Construction workers put up a new wall panel in June at the Chula Vista Area of Responsibility, Calif.

Construction workers put up a new wall panel in June at the Chula Vista Area of Responsibility, Calif. Tim Tucciarone / CBP

Taxpayers at Risk of Overpaying for an Ineffective Border Wall

Report shows Trump administration "has no clue what it is doing," Democratic lawmaker says.

The Trump administration is proceeding with its strategy to build hundreds of miles of new border wall and fencing along the U.S.-Mexico border without first assessing the specific costs of those projects, according to a new report, putting the government at risk of overpaying for ineffective and delayed construction.

In the infancy of President Trump’s term, Customs and Border Protection created the Border Infrastructure Program Management Office. It quickly requested supplemental funds to support Trump’s proposed wall and reprogrammed existing appropriations to contract prototypes. The agency expedited the process to accommodate the White House’s mandate, the Government Accountability Office found in a report released Monday, leading it not to consider costs when choosing locations for new border barriers.

The administration has estimated that it will spend $18 billion to build 722 miles of wall, but that was based on an average rather than the costs of individual projects. Costs can vary significantly in each segment based on topography, land ownership and other factors, GAO said. The slope of the terrain, for example, can drastically alter the price of construction. The auditors previously reported on cost variance based on locations in 2009.

“Without assessing costs, consistent with leading practices for capital decision making,” GAO wrote, “CBP does not have complete information for prioritizing locations to use its resources in the most cost-effective manner.”

In the San Diego region, GAO found that CBP has not documented an acquisition plan for the wall. It also has no up-to-date lifecycle cost estimate for the area. The auditors suggested that cutting corners now has the potential to backfire down the line.

“By proceeding without key information on cost, acquisition baselines and the contributions of previous barrier and technology deployments, [the Homeland Security Department] faces an increased risk that the Border Wall System Program will cost more than projected, take longer than planned, or not fully perform as expected,” GAO said.

While the administration has not properly assessed costs, it has considered the insights of Border Patrol officials, illegal entry data and an analysis of operations and engineering issues at each potential location. CBP spent $3 million contracting with six companies to build eight different wall prototypes. It tested those designs for three months, assessing qualities such as their penetrability and scalability. Border Patrol officials told GAO they did not plan to select one of the options, but to simply gather information on the strengths and weaknesses of each design.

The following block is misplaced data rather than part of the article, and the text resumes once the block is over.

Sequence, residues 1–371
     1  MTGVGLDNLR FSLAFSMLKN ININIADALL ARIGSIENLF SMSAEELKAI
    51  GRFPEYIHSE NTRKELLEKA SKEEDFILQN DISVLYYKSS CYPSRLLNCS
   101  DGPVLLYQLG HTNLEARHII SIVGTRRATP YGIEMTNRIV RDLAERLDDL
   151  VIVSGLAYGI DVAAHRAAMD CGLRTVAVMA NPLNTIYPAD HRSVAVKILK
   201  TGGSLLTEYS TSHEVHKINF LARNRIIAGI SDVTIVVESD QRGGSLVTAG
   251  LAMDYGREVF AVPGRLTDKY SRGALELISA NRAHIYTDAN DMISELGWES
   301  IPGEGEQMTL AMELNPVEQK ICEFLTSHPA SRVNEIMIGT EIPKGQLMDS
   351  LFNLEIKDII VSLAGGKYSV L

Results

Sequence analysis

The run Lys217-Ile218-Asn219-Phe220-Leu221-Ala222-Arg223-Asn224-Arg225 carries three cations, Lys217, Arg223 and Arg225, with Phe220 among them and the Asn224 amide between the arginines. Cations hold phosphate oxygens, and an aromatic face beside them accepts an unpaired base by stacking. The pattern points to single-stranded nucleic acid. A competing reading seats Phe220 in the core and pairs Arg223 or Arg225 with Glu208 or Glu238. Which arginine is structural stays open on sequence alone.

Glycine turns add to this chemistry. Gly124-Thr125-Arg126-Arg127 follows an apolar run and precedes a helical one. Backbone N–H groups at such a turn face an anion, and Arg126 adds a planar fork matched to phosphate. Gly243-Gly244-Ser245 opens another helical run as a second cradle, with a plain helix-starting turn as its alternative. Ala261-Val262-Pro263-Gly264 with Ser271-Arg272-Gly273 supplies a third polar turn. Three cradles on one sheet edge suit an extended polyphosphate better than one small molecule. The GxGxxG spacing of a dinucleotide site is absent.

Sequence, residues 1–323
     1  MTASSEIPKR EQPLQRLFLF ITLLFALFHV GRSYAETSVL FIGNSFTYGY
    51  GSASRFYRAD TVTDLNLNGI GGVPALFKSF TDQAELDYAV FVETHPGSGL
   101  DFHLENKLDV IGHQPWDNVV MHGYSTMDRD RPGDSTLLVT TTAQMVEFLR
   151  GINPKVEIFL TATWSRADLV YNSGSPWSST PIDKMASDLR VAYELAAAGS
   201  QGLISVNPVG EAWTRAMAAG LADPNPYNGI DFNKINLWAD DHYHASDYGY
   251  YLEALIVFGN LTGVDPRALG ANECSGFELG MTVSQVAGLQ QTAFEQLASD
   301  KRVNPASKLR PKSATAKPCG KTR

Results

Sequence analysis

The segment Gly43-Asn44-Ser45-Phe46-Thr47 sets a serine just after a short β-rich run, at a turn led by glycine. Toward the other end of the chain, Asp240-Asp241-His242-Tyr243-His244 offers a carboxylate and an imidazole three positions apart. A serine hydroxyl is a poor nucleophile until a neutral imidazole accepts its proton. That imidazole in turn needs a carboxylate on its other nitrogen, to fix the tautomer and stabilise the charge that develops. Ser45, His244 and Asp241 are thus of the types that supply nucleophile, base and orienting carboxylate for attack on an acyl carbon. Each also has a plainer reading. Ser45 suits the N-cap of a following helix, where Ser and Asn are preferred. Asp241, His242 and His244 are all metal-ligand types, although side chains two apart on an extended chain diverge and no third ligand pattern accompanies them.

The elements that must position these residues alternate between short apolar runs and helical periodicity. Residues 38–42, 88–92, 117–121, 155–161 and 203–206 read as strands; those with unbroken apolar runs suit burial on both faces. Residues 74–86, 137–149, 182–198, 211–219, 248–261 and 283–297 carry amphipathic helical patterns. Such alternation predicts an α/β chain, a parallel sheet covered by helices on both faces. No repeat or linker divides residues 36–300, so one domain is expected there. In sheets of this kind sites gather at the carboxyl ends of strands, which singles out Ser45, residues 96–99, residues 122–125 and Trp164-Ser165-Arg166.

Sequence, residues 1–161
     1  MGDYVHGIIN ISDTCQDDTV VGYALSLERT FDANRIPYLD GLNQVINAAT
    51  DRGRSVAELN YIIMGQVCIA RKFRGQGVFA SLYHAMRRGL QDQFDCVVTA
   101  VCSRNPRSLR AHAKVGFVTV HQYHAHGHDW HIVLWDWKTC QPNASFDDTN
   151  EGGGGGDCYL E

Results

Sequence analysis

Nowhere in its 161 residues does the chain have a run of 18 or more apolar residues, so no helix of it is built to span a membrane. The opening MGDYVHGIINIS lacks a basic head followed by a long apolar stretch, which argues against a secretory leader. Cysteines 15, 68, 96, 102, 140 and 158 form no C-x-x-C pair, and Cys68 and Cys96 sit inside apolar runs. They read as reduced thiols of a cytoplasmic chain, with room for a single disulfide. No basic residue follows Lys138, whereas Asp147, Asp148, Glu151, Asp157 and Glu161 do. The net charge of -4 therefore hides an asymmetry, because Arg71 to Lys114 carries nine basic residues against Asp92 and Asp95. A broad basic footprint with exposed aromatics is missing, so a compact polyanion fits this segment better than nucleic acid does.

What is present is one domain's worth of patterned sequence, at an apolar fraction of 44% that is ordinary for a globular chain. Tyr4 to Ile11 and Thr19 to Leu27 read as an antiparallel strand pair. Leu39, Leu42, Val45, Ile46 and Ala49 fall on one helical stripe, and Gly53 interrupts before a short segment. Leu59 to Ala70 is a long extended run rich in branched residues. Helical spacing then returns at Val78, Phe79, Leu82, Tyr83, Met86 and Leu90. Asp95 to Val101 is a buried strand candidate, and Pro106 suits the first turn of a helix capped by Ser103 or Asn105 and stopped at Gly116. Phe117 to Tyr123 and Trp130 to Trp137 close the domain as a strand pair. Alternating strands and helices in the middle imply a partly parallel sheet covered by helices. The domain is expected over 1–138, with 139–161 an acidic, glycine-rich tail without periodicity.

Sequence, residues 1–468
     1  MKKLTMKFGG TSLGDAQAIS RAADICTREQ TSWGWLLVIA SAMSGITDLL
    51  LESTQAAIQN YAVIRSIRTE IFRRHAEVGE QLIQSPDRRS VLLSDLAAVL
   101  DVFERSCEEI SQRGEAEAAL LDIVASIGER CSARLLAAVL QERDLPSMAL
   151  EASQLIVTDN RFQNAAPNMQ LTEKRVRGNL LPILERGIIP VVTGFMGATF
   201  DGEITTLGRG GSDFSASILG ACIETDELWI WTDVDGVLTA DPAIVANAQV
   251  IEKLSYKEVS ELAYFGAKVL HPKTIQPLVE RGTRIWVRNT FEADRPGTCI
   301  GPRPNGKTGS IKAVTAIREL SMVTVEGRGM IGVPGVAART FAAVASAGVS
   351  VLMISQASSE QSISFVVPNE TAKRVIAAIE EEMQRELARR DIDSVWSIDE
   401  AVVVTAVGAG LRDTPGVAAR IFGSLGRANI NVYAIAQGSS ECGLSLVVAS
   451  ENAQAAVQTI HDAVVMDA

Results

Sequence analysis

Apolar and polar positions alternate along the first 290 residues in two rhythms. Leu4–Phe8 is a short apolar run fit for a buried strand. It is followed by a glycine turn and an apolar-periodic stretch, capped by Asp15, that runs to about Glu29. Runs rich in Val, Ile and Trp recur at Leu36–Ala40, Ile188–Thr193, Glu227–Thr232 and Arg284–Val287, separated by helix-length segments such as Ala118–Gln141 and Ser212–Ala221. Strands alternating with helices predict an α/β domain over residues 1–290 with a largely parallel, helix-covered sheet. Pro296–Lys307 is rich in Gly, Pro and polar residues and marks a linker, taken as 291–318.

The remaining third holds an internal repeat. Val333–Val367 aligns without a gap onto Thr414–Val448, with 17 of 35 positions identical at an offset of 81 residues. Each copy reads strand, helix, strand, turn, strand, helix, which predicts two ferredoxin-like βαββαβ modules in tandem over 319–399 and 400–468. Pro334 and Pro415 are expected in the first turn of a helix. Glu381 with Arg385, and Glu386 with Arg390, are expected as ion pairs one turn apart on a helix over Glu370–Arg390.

In February, CBP selected new design attributes. Officials determined, for example, that the bottom of the wall cannot be made out of concrete because it would limit Border Patrol agents’ view. CBP and the U.S. Army Corps of Engineers are in the midst of further testing on the new designs before widespread construction begins.

The administration is facing significant restrictions in actually building using those designs, however. Congress provided funding in fiscal years 2017 and 2018 for fence replacement and new secondary fencing, but limited CBP to building only using designs already in place as of March 2017. That issue could soon come to a head, as Trump has repeatedly vowed to shut down the government later this year if his proposed wall is not funded without restrictions. The White House sought $1.6 billion in border wall funding in its formal fiscal 2019 budget request to Congress, but has subsequently voiced support for a House spending measure that would provide $5 billion for the project.

Trump has plowed forward with the shutdown threats despite their unpopularity. A Rasmussen poll that asked likely voters if they favored a shutdown if Congress “does not crack down on illegal immigration by enforcing security on the border with Mexico and building a border wall” found that 54 percent opposed the strategy, while just 38 percent supported it. The poll was conducted July 31-Aug. 1 and had a margin of error of 3 percentage points.

The administration agreed with GAO’s recommendations to build more detailed cost estimates into its planning process and to develop a better acquisition strategy across all regions. It suggested, however, that it would continue to make its assessments on where to build based only on operational concerns before considering costs. GAO took issue with that strategy, saying demonstrated best practice in government is to analyze costs as a way to prioritize investments and maximize benefits while minimizing costs.

Rep. Bennie Thompson, D-Miss., the top Democrat on the House Homeland Security Committee and one of the lawmakers who requested the GAO study, said the report showed the administration “has no clue what it is doing and must be held accountable.”

"This report exposes what we have suspected would happen for over a year,” Thompson said. “The Trump administration, fixated on campaign promises no matter the cost or consequences, is rushing the construction of the president's completely unnecessary border wall.” He called the project a “costly boondoggle” that “would be a giant waste of taxpayer money and may not provide any measurable security benefit.”